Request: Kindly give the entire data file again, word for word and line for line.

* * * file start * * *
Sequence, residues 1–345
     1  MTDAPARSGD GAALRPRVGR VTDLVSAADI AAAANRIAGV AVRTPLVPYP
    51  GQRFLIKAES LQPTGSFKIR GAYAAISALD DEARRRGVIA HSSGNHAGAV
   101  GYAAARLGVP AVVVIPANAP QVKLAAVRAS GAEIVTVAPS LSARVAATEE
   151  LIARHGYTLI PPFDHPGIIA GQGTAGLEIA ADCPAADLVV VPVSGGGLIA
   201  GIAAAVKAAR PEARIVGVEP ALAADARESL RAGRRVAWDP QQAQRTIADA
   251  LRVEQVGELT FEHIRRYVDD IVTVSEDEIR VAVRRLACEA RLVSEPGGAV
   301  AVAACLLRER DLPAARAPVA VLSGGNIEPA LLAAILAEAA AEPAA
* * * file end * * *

Sequence, residues 1–345
     1  MTDAPARSGD GAALRPRVGR VTDLVSAADI AAAANRIAGV AVRTPLVPYP
    51  GQRFLIKAES LQPTGSFKIR GAYAAISALD DEARRRGVIA HSSGNHAGAV
   101  GYAAARLGVP AVVVIPANAP QVKLAAVRAS GAEIVTVAPS LSARVAATEE
   151  LIARHGYTLI PPFDHPGIIA GQGTAGLEIA ADCPAADLVV VPVSGGGLIA
   201  GIAAAVKAAR PEARIVGVEP ALAADARESL RAGRRVAWDP QQAQRTIADA
   251  LRVEQVGELT FEHIRRYVDD IVTVSEDEIR VAVRRLACEA RLVSEPGGAV
   301  AVAACLLRER DLPAARAPVA VLSGGNIEPA LLAAILAEAA AEPAA